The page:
Bride-napping reminds me of the cave men cartoons I used to watch during my childhood. The cavemen would drag the women by the hair to their caves. Sometimes I wonder why men would go through such extremes just to get a bride. Why do they have to violate another human being? It doesn’t take much to court/date a girl, make her fall in love with you, and then marry her. The top two reason I’ve heard from people as to why some Hmong men would resort to bride-napping are that they cannot pay the full bride-price or the girl refused to marry them. First of all, if you cannot afford to pay a bride-price for a bride, maybe it’s not time for you to get married. Secondly, if a girl doesn’t like you and doesn’t want to marry you, don’t you think it’s a good idea to leave her alone?

The English statement that one of the kidnappers made to the tourists at the end of the Hmong bride-napping video seem to depict zij poj niam as something to be proud and boastful about. He happily greeted them with “Hello!” then proceeded to say, “This is the tradition of kidnapping a wife.”

My maternal grandfather zij Grams on her way to the farm. Her girlfriends did not intervene for fear that my grandfather’s friends would zij them too. When I asked how my grams felt about it, she simply stated that even though she was scared, she couldn’t do anything about it. She didn’t kick and scream like the young girl. They grabbed her by her arms and pulled her. She protested and resisted the whole way to my grandfather’s house. She married my grandfather because she felt she didn’t have a choice and also felt that it was her destiny.

Does that mean that I should be glad that my grandfather zij Grams? Because if he hadn’t, I probably wouldn’t be here today to comment on the barbaric nature of bride-napping. Sometimes I wonder about my grandmother and mother’s generations and how bride-napping was so common then. During my Grams’ generation, divorce was unheard of and even if you were bride-napped, you just learn to love and make it work. According to my Grams, my grandfather was a patient man and loved her dearly. He never raised his voice at her. But then again, maybe my Grams’ marriage is an exception.

So, do we, the Hmong in the United States, still zij poj niam? I don’t know. I can say that the stories of young girls being bride-napped that I hear has dwindled down to only one every couple of years. Maybe I’m just not in-tuned with my Hmong community. Maybe the Hmong has come to fear the laws of this land. Or maybe our younger generation realize the barbaric nature of bride-napping and have come to desire love before marriage.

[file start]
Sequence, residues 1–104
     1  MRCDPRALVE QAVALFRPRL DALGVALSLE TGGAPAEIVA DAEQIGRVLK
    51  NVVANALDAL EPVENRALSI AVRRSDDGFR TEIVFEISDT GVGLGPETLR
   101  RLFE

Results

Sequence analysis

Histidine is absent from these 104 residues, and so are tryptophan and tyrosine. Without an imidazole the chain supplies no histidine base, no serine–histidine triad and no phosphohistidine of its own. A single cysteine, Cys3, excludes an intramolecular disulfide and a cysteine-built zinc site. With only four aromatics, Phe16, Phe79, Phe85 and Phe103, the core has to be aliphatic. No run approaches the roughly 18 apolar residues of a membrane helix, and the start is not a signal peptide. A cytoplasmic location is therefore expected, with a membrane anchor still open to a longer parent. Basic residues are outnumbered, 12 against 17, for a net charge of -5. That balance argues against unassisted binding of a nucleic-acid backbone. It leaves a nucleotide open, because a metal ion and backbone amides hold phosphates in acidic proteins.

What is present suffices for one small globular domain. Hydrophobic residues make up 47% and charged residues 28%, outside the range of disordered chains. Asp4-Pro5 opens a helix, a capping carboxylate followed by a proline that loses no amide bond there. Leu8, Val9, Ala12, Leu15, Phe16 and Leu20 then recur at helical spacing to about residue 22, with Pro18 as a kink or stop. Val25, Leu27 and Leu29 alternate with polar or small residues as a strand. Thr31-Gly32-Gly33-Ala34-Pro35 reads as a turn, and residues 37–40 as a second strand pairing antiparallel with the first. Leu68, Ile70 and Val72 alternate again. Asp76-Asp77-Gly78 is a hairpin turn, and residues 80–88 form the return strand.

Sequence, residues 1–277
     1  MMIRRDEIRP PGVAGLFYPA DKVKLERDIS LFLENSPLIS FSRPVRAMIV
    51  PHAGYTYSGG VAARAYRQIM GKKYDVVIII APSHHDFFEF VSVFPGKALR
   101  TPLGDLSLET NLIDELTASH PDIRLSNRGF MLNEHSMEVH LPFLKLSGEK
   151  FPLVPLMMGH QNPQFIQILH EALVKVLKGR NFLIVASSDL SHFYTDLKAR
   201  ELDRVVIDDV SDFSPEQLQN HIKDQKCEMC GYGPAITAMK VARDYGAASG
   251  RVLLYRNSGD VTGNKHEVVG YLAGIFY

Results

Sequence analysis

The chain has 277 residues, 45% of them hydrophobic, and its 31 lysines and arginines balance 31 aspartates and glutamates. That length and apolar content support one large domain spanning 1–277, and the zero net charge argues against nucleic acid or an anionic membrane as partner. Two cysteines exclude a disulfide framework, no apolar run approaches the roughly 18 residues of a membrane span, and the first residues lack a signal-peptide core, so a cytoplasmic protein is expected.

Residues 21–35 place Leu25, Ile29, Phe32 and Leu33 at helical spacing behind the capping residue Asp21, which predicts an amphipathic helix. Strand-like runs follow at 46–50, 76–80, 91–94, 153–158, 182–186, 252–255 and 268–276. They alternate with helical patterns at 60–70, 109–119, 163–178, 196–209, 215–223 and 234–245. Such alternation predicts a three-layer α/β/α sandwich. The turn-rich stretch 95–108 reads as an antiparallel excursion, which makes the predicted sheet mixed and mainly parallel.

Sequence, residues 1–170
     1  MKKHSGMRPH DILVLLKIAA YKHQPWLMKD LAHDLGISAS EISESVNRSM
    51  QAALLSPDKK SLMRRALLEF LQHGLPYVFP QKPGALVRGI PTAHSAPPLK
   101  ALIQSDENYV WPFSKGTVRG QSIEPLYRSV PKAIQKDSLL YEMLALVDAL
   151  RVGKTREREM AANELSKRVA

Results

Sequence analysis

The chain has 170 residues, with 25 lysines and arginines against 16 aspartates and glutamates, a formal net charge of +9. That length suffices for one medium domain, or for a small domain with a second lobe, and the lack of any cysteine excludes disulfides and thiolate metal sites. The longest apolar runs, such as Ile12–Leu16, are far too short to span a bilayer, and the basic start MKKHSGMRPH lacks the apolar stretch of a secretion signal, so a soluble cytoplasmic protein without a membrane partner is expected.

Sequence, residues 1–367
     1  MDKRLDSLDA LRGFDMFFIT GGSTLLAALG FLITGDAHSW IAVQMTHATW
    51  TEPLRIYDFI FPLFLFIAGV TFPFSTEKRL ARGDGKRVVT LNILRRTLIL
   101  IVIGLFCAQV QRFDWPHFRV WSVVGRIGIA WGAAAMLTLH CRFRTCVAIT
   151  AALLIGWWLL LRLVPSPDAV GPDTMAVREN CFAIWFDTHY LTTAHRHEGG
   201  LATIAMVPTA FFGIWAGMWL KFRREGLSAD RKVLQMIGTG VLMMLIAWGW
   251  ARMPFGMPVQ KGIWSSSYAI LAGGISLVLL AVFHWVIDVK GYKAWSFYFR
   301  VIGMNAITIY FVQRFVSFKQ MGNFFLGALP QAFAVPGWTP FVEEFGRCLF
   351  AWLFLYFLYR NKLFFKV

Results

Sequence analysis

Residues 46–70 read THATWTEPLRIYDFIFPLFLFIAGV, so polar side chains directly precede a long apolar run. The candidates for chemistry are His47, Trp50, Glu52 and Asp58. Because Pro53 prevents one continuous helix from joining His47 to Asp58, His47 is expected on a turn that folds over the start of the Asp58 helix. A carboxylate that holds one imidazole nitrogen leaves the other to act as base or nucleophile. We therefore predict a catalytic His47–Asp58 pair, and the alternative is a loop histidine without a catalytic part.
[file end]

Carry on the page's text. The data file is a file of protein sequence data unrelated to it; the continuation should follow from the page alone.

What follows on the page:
Mi Tes Mi Taw (Hands and Feet)

I felt a lot of emotions watching “Mi Tes Mi Taw” directed by Porsha Phoua Chang. She did a wonderful job telling a story that many of us can identify either with the son, daughter, mother, or daughter-in-law.

One of the themes of this short film is gender roles within a traditional Hmong family. I’ve blogged about gender roles many times and you all probably know where I stand. What you see in the film is what we experience or what our culture tells us we have to do. The daughter of a family is viewed as an outsider once she gets married and leaves her family’s home. The son is expected to show filial piety and care for his aging parents until they pass on.

Sometimes, because of traditions and customs, it’s hard for the married daughter to take care of her birth parents when her brothers cannot or will not. Much of what she can do is stand by the sideline and hope that her brother(s) will love her parents. Additionally, for the same reason, the brother feels obligated to do everything for his parents, putting them above all else. You can imagine what a burden it can be for him. The parents feel hopeless and rely on their sons and daughters-in-law. And because she is not her birth mother, a daughter-in-law may not be able to show love to her husband’s mother as how society wants her to even if she is doing her best.

In this day and age, traditions and customs should not hold a daughter from loving her parents. I have heard many sisters tell their brothers and sisters-in-law that there’s nothing they can do about their aging parents because of Hmong traditions. Sometimes, I wonder if that’s truly the case or if it’s just an excuse.